Posted By Josie Gulliksen
March 8, 2014 at 1:45 PM


Puerto Rican-born Juan Carlos Perez-Duthie came to South Florida from New York after completing his Bachelor’s Degree in Mass Communications at Fordham University. “I had no clue how long I would stay but my parents had purchased a house in Broward so I moved there,” he remembers.

He headed directly for the Miami Herald, where he began as a translator in 1988.

No matter what his work, he was ecstatic to be part of a major newspaper, never imagining what would happen to the industry later on. After two years at the English-language Herald, where he copyedited, wrote reviews, and did a few interviews, he realized he wanted to write more. The first writer opening that came up was in El Nuevo Herald. From there he segued into more features, covering areas that were of particular interest to him, ones that reminded him of his years in New York and San Juan where he had grown up or that came to life right in his own SoBe neighborhood.

Looking back over his long writing career, some topics and stories jump out to Perez Duthie. He loved covering South Beach’s gay transformation, when few media were paying attention; there was an interview in Cuba with an elderly and renowned poet who rarely left her house and who was “protected” by the government; and then those about the careers of old divas like Yma Sumac.

Following stints at the Herald papers, he won a fellowship with the InterAmerican Press Association, went to Puerto Rico in 1998, and joined the El Nuevo Día daily, the island’s largest and most important newspaper. He then returned to Miami as their correspondent, and took on freelancing assignments as well, such as with the Univisión TV network and the Sony Latin music record label. In 2004, he went to Argentina to do an MA in Journalism. “I had always had a love affair with Buenos Aires,” he says. In 2009, he returned to the States for a Master of Fine Arts in Creative Writing at the University of California, Riverside.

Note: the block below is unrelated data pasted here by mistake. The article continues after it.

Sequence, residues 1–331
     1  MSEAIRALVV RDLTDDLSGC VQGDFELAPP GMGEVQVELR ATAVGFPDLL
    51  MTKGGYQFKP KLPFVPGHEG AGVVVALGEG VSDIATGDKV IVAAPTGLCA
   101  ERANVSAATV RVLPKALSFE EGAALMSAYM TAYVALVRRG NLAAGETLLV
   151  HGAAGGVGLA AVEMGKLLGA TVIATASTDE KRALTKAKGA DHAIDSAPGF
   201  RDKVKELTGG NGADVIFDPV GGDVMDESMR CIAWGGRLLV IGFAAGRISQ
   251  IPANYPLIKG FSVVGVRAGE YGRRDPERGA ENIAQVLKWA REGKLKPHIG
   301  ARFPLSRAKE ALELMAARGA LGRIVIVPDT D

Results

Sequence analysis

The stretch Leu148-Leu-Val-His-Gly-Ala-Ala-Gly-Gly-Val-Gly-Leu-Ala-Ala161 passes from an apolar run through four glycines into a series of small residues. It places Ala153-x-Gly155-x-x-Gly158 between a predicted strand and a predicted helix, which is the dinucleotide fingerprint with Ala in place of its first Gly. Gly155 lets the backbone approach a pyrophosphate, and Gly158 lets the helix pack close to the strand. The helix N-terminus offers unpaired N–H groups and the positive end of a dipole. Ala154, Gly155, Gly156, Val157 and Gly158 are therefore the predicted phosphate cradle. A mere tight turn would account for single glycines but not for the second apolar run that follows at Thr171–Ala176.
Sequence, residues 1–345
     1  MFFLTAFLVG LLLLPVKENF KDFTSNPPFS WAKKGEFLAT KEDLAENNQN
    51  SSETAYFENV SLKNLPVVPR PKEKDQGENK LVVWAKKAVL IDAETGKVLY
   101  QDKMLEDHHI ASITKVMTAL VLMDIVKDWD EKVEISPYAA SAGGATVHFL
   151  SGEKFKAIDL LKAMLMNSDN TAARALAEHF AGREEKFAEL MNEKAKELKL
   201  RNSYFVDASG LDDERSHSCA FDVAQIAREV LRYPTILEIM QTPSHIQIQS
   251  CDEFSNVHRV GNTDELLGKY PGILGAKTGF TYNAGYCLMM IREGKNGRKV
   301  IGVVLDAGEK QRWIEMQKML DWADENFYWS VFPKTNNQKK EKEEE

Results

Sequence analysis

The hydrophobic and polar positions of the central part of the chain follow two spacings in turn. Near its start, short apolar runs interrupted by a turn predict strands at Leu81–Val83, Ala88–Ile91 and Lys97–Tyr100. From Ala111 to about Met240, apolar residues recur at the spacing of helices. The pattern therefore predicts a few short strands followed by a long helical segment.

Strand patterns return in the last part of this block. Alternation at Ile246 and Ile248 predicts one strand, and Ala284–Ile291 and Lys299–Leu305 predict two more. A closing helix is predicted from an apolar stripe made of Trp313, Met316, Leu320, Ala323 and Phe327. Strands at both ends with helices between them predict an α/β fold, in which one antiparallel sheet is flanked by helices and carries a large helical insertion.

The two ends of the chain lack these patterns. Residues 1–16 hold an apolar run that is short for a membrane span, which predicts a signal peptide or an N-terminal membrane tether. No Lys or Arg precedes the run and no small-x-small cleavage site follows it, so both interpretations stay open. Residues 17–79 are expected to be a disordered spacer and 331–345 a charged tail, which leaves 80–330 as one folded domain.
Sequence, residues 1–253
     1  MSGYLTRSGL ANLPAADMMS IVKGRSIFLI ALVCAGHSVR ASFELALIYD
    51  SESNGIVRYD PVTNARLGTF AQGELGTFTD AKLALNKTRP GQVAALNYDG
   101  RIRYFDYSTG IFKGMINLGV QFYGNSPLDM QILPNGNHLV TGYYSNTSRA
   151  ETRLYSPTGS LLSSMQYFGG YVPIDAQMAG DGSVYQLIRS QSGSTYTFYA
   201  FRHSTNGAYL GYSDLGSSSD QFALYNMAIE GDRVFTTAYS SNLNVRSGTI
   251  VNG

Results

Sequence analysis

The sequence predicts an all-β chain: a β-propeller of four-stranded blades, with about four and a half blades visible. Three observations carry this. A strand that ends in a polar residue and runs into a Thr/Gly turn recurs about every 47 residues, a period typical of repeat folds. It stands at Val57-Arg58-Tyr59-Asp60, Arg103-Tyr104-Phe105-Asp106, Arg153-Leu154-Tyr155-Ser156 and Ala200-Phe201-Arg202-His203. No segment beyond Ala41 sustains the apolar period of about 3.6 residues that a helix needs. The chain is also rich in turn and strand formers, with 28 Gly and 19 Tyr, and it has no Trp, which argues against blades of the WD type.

Why writing as a career? Because he figured he enjoyed researching and writing about various subjects. That’s why, besides the assignments that he regularly got at the newspapers, he always tried to look for the offbeat, the unusual, the strange. “And so in the arts, to this day, I go for all that whenever I can,” he says.

Artburst allows him that kind of creativity. And space. “Most publications do not have what we have, and as they shrink budgets, cut back personnel, and move towards more gossip-oriented coverage instead of arts coverage, we increasingly fill what I think is a terrifying and dramatic void in the way arts are covered, not only in this city, but in the nation as well.”

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